Sell for More Trivia is a weekly blog series that playfully presents a trivia question about commercial real estate.
Renters all over the country are choosing smaller units with bigger rents, all in the name of proximity to bars, restaurants and fun.
The average size of an apartment built in 2018 in the U.S. was 941 SF — 5% smaller than an average apartment built a decade prior.
Meantime, average rents for new apartments increased 28% compared to 10 years ago.
It turns out that saving a few hundred dollars a month is very meaningful to a renter who would rather live in a smaller space in the heart of the city than face a lengthy daily commute.
That leads us to the growing trend of “micro-apartments”. In larger metropolitan areas where prime real estate comes at a price, developers are redefining shoebox living with units that are often less than 400 SF.
Here are four ways they’re making this tiny living feel large:
Focus on versatile furnishings
For example, apartments are outfitted with space-saving furnishings such as a queen-size Murphy bed, versatile desks and a coffee table that expands into a dining table.
Units also often come with a two-burner induction cooktop, a combination microwave and convection oven and walk-in closet.
Get rid of the kitchen
The community kitchens are purposely designed to be near the elevators, allowing residents to see and participate in activity as they come and go. Comfortable seating will invite residents to linger. Game nights and movie nights will aim to foster community engagement.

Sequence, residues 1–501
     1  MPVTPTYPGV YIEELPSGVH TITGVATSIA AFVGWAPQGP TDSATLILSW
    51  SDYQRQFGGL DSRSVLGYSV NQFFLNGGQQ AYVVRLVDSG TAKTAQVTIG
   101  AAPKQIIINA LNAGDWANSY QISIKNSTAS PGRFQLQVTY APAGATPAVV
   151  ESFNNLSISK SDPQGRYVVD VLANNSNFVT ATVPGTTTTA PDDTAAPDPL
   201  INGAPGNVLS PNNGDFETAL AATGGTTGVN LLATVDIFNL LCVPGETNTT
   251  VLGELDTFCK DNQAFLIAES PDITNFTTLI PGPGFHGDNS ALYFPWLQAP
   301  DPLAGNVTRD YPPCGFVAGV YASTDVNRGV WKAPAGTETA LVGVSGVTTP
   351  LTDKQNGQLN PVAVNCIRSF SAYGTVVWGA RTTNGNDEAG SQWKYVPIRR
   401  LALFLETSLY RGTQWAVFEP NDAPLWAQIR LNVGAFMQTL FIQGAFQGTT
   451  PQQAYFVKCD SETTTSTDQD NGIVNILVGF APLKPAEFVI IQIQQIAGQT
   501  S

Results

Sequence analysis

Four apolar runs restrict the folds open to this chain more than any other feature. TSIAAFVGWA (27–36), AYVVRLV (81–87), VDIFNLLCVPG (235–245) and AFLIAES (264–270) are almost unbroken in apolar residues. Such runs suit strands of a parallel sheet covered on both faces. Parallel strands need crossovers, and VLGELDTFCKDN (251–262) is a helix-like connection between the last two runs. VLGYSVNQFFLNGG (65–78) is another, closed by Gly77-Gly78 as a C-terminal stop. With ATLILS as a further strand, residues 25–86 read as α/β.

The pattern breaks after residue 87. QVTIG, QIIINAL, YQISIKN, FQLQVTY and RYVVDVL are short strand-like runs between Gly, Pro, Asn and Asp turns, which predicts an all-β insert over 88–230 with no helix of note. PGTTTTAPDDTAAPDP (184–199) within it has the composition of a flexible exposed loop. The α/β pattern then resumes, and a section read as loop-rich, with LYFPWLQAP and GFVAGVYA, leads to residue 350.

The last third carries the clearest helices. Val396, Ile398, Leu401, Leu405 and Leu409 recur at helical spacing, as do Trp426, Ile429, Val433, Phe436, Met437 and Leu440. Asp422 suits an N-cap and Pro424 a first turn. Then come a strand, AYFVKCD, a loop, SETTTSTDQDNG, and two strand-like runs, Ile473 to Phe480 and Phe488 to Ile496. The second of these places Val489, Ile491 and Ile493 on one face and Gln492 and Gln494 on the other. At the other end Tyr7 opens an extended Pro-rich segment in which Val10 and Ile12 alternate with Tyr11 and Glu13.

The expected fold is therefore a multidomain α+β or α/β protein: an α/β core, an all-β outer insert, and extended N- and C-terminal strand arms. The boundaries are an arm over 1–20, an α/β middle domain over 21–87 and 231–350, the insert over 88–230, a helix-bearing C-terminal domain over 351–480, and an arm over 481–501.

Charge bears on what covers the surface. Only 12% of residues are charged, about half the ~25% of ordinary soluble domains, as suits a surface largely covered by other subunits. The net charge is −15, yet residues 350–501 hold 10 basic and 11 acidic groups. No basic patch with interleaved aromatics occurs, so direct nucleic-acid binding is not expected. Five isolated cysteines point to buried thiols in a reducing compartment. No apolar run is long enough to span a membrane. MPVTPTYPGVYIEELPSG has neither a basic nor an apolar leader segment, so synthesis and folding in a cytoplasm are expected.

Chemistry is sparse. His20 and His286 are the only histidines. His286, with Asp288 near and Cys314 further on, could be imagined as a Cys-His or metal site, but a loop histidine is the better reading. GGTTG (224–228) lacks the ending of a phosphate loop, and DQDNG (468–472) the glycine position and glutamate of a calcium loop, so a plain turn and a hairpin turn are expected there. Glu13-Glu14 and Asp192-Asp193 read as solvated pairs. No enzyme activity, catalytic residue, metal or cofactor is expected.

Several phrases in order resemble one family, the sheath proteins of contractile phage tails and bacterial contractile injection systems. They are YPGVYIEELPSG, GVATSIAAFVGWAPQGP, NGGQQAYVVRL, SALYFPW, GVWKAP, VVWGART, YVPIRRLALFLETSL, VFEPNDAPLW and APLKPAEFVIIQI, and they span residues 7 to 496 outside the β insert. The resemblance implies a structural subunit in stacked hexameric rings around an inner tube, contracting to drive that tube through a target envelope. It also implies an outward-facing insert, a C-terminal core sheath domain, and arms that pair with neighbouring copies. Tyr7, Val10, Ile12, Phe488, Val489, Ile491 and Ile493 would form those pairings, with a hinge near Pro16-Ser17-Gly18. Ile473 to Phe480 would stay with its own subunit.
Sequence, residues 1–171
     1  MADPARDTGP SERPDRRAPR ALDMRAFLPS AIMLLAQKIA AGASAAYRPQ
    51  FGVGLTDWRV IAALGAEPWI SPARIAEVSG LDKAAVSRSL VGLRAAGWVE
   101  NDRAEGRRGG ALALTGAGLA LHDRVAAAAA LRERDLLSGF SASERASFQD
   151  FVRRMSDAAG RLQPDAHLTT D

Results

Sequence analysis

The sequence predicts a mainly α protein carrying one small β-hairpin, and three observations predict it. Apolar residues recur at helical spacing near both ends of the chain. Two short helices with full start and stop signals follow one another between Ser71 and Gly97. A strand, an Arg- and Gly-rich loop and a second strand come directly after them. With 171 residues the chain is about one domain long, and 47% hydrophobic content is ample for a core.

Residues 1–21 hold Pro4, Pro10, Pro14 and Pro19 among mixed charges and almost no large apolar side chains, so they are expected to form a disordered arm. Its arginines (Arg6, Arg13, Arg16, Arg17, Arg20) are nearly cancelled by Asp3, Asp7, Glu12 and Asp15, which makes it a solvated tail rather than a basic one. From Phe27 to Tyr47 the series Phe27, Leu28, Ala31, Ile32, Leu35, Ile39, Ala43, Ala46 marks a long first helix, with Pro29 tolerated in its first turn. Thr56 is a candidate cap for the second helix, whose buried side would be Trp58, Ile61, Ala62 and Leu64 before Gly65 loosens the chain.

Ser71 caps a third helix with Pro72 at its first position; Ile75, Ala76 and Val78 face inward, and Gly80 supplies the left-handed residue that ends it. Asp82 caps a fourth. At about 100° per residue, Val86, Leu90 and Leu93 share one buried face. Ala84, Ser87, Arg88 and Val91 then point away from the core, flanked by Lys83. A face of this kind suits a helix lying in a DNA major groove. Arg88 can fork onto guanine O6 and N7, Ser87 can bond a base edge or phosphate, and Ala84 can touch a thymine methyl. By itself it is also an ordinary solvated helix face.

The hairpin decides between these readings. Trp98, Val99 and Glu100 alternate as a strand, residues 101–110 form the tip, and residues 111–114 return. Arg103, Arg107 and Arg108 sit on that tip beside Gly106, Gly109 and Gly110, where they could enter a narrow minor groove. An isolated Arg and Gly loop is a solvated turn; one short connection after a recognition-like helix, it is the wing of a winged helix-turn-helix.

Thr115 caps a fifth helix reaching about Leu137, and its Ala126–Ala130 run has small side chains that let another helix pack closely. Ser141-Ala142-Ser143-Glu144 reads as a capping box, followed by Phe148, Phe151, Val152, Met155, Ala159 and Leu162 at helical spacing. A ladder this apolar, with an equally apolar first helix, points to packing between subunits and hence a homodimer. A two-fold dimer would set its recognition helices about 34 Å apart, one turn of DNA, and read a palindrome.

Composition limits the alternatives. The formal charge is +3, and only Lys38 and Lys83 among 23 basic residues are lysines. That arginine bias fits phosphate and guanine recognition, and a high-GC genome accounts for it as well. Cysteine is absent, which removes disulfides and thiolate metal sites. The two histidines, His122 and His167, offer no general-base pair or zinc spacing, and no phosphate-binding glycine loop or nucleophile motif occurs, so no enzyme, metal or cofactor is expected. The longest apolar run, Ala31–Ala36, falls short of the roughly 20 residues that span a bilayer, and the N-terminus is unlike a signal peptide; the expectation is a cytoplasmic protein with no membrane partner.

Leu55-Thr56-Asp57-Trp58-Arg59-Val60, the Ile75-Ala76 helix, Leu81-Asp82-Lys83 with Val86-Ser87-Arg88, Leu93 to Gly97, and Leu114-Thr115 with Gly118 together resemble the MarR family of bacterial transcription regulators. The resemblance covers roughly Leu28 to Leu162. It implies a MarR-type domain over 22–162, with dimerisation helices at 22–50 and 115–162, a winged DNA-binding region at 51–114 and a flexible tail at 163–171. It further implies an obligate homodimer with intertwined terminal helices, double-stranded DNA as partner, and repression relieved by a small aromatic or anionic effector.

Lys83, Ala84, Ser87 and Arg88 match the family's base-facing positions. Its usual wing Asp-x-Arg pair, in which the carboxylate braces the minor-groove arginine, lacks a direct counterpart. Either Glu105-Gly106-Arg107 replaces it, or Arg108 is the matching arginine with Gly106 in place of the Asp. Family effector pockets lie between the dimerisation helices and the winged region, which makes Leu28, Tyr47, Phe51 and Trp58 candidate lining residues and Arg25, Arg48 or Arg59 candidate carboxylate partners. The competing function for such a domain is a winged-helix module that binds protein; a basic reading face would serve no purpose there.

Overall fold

People have been doing this for a long time…where they get roommates. The contrast with micro-apartments is that you don’t have to deal with a roommate. You get your own entire private space. You have your own private full bathroom and sleeping area and limited kitchenette, like a studio apartment. Most people don’t even cook, anyway.
Create space for work, study and exercise
The community-oriented space is designed to function as an extension of each unit’s living room.
Residents engage in a higher level of socialization than you see in a typical apartment building — something that’s attributed to the extensive amenity offerings.
Lend out the (not-so-small) stuff
Landlords also offer a common goods library, which keeps residents from having to think about storage of larger essentials. The lending library offers vacuum cleaners, toolkits, bike pumps or other household tools. Renters who would like to host guests can borrow a 12-piece dinnerware set, folding table and chairs and even an ice-cream maker.
In summary, the design of micro-apartments encourages the interaction of neighbors, the sharing of goods and ideas, and the convergence of housing and life. In cities with long commute times, I’m betting micro-apartments will win.
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About Beau Beach, CCIM
Beau is a tenacious Commercial Real Estate Broker, author and adoring father of four. His clients appreciate his no-nonsense demeanor and his legendary work ethic.
Beau leads Prowess IRES which is a commercial real estate broker for sellers in the Nashville, Milwaukee, South Florida and Chicago markets.
He’s the author of the books The 3 Reasons: Why Most Commercial Properties Don’t Sell and True Wealth: What Every Seller Should Know About 1031 Exchanges.
Beau can be reached at 414.324.4938, 615.603.9770, click to schedule a call or Beau@ProwessIRES.com